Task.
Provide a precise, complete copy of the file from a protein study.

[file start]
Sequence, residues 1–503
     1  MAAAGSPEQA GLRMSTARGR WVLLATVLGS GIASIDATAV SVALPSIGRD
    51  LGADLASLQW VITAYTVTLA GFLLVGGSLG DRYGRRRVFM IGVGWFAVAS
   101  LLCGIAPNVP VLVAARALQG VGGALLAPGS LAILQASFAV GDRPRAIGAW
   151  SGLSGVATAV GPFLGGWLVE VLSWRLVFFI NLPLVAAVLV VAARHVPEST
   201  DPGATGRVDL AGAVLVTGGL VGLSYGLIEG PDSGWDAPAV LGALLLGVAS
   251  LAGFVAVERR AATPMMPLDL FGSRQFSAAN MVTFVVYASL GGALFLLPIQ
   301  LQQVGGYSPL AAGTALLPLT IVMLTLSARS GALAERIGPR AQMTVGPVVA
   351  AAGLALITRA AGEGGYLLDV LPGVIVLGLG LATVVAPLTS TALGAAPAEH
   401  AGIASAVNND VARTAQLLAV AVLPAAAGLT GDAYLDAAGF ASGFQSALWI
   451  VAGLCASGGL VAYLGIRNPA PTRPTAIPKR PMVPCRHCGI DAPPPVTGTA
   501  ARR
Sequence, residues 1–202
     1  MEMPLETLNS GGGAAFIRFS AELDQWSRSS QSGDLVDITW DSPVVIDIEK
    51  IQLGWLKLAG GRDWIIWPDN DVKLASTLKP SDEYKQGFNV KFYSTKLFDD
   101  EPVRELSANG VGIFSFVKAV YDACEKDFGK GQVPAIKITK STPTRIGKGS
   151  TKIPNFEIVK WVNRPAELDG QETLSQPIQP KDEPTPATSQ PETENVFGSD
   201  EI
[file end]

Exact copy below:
Sequence, residues 1–503
     1  MAAAGSPEQA GLRMSTARGR WVLLATVLGS GIASIDATAV SVALPSIGRD
    51  LGADLASLQW VITAYTVTLA GFLLVGGSLG DRYGRRRVFM IGVGWFAVAS
   101  LLCGIAPNVP VLVAARALQG VGGALLAPGS LAILQASFAV GDRPRAIGAW
   151  SGLSGVATAV GPFLGGWLVE VLSWRLVFFI NLPLVAAVLV VAARHVPEST
   201  DPGATGRVDL AGAVLVTGGL VGLSYGLIEG PDSGWDAPAV LGALLLGVAS
   251  LAGFVAVERR AATPMMPLDL FGSRQFSAAN MVTFVVYASL GGALFLLPIQ
   301  LQQVGGYSPL AAGTALLPLT IVMLTLSARS GALAERIGPR AQMTVGPVVA
   351  AAGLALITRA AGEGGYLLDV LPGVIVLGLG LATVVAPLTS TALGAAPAEH
   401  AGIASAVNND VARTAQLLAV AVLPAAAGLT GDAYLDAAGF ASGFQSALWI
   451  VAGLCASGGL VAYLGIRNPA PTRPTAIPKR PMVPCRHCGI DAPPPVTGTA
   501  ARR
Sequence, residues 1–202
     1  MEMPLETLNS GGGAAFIRFS AELDQWSRSS QSGDLVDITW DSPVVIDIEK
    51  IQLGWLKLAG GRDWIIWPDN DVKLASTLKP SDEYKQGFNV KFYSTKLFDD
   101  EPVRELSANG VGIFSFVKAV YDACEKDFGK GQVPAIKITK STPTRIGKGS
   151  TKIPNFEIVK WVNRPAELDG QETLSQPIQP KDEPTPATSQ PETENVFGSD
   201  EI